Q&A: Susan Choi Talks My Education and Getting a Little Help From Her Friends Jennifer Egan and Jhumpa Lahiri

Susan Choi’s fourth novel, My Education, is an erotic, sharply written tale of a young graduate student, Regina Gottlieb, who finds herself drawn to the devilishly handsome Professor Nicholas Brodeur, a man notorious on campus for seducing his students. One of his many sexual crimes: “He was rumored to ask female students to read Donne to him while he lay on the floor of his office, in darkness, it was presumed masturbating himself.” Though she doesn’t need to take his class, she enrolls anyway and soon becomes entangled not only with him, but also his alluring wife.

Choi's previous novels include A Person of Interest, a finalist for the 2009 PEN/Faulkner Award, and American Woman, a 2004 finalist for the Pulitzer Prize, which was loosely based on the kidnapping of Patty Hearst. Choi lives in Brooklyn with her husband, New York Times restaurant critic Pete Wells, and their two young sons. Later this month, she will read at the PowerHouse Arena on July 17 and at Greenlight Bookstore on July 30. Here, she talks about the “best lesson” she received in writing about sex, her struggles to raise young readers in the digital age, and the book advice she took from her two friends, Pulitzer Prize–winning authors Jennifer Egan and Jhumpa Lahiri.

I imagine when you’re starting a new book you have certain ambitions or new ways you want to push yourself as a writer. Was there something with this book that you hadn’t done before that you hoped to achieve?

Adrian Kinloch

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My Education

By Susan Choi

Viking, 304 pp., $26.95

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There is, and I don’t know that I did. One of the books that was most prominent in my mind when I started this book was one of my favorite books, The Line of Beauty, by Alan Hollinghurst. I had read that in between finishing A Person of Interest and trying to start this new project. It’s such a gorgeous book. It’s about young people sort of venturing out into the world for the first time and trying to be adults. It follows these characters through many years of their lives in this way that allows you to see them develop psychologically and emotionally. The way in which you see them change I found really moving, and I wanted to do that. I really wanted to show Regina change over time, especially in terms of the way she feels about relationships and her own sort of personal responsibility.

I guess it’s safe to say that this is your most erotic work.

Yeah, it’s definitely safe to say that.

Are there authors you looked to for good examples of how to write about sex?

I love authors who write about sex in a really honest and straightforward way that sometimes has a little bit of humor in it. I love Nabokov, which I guess is an obvious predecessor to look to—although I could never compare myself, I could just aim for it. The way he writes about erotic love, especially, of course, in Lolita, is so incredible, but also, despite the subject matter, often so funny and so human. I just love his whole approach to sexual love. And I’d say my friend Francisco Goldman, who is an amazing writer. I’ll never forget when I read his novel The Ordinary Seaman. There are sex scenes in that novel that are so endearing and wonderful and real and hilarious between these two young lovers who meet in horrible circumstances. The only place that they can go to do it is this decommissioned ambulance at an auto-repair place. The sex scenes are really raunchy, but they’re so sweet. I remember reading it years ago and thinking that this is the best lesson in how to write about sex.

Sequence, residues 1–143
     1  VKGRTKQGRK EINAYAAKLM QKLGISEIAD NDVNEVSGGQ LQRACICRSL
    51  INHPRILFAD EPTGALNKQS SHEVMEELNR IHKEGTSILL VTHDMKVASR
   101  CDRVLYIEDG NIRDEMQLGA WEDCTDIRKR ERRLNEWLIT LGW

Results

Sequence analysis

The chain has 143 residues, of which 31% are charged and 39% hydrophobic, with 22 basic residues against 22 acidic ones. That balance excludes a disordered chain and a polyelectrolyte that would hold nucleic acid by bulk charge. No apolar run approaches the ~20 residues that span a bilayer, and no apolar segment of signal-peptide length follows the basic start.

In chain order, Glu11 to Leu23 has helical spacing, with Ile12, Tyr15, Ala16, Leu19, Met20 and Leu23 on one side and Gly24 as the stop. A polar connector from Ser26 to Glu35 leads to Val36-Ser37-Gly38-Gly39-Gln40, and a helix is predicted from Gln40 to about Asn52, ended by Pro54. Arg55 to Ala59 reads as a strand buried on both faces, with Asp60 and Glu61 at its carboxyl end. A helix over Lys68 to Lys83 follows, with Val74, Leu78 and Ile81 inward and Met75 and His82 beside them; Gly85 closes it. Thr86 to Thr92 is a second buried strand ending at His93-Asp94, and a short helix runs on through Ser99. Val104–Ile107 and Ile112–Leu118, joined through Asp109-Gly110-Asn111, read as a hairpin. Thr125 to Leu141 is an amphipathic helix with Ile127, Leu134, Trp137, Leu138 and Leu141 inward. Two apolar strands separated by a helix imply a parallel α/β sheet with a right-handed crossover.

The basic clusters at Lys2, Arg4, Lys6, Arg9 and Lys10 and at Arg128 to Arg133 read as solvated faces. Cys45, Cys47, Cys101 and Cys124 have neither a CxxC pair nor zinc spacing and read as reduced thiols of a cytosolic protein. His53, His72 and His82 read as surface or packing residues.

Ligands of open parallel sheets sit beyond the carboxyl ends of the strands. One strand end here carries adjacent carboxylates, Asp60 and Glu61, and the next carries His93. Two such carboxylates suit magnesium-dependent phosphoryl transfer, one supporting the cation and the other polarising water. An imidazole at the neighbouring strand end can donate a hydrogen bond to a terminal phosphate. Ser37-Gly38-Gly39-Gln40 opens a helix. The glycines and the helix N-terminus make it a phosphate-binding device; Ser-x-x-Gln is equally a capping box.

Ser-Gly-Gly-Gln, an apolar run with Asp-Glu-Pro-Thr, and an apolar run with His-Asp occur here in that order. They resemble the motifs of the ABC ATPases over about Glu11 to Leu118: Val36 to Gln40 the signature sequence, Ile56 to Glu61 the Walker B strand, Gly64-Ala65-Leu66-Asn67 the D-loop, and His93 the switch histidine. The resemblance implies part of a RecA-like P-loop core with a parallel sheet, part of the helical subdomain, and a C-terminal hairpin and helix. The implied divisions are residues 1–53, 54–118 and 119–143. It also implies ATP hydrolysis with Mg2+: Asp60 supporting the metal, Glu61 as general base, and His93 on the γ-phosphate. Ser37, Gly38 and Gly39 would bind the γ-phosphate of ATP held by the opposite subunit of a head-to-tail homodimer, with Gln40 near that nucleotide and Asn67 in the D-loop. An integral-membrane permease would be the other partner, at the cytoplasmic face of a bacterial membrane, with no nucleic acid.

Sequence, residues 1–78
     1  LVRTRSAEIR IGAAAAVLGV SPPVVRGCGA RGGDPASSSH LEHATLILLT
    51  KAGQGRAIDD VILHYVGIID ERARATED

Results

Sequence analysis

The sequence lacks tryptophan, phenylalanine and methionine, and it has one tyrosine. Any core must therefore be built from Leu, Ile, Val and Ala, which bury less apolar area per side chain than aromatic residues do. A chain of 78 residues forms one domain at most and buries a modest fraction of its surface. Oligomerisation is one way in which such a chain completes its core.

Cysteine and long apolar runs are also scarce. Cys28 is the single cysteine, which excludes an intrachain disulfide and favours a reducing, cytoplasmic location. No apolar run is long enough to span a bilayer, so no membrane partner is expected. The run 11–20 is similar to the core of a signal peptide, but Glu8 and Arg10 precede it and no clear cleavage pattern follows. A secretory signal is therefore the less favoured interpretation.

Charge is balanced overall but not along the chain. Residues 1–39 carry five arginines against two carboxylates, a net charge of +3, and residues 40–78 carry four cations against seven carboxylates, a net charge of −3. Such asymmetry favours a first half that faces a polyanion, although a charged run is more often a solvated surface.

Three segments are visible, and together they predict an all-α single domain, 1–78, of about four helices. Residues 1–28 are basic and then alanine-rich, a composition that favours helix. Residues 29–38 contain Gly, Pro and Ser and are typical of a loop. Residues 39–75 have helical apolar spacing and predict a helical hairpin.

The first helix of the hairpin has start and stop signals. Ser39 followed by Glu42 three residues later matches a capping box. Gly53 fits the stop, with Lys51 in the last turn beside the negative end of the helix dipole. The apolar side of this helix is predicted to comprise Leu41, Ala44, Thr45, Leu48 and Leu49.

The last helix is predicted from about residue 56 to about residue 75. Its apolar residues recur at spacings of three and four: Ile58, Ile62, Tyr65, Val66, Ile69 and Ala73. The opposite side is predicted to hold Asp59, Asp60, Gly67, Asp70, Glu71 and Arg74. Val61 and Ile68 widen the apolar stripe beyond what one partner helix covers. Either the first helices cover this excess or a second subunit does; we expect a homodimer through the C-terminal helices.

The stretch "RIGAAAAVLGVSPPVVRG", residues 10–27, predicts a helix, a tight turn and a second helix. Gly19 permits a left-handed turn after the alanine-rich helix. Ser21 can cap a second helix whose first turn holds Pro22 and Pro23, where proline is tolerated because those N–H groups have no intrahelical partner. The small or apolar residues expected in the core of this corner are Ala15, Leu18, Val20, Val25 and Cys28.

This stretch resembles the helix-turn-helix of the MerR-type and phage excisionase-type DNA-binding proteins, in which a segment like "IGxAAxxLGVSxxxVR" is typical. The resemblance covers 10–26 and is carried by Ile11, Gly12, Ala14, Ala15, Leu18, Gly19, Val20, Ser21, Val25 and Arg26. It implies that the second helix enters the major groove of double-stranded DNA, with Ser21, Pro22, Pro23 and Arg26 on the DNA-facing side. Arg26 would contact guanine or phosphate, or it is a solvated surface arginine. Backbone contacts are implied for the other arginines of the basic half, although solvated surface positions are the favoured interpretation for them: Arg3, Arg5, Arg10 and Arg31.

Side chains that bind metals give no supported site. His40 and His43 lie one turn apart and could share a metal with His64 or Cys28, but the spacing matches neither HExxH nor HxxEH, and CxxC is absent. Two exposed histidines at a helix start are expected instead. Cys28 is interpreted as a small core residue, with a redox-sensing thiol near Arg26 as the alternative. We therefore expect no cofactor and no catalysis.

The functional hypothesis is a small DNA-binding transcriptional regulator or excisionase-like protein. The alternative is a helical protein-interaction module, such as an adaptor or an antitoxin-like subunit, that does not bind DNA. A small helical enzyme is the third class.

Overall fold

In your book, Regina is drawn to Nicholas because he has a bad reputation for sleeping with his students. Why is she going after such a scoundrel?

It’s just a reality of love and attraction. We’re constantly attracted to people who are bad or wrong. I’ve known many such figures in my life as a student. There have always been these handsome naughty professors who were accused of harassment, but people were fascinated with them. And there were lots of women who were turned on by the very things they deplored. People can pounce on me for saying that, but it’s true. It’s a definite thing to deplore these supposedly predatory men while at the same time finding them really attractive. Like, look at Fifty Shades of Grey. Look at this recurring figure of the sadistic, controlling, predatory, sexually irresistible man. Regina is as much a sucker for that kind of thing as anyone. And then the irony is that she discovers that he’s actually a bit of a bumbling mess. He’s not the Don Juan that she is hoping for.

When you’re writing, do you ever feel burdened by the fact that attention spans are shorter and that readers want to be quickly grabbed and entertained?

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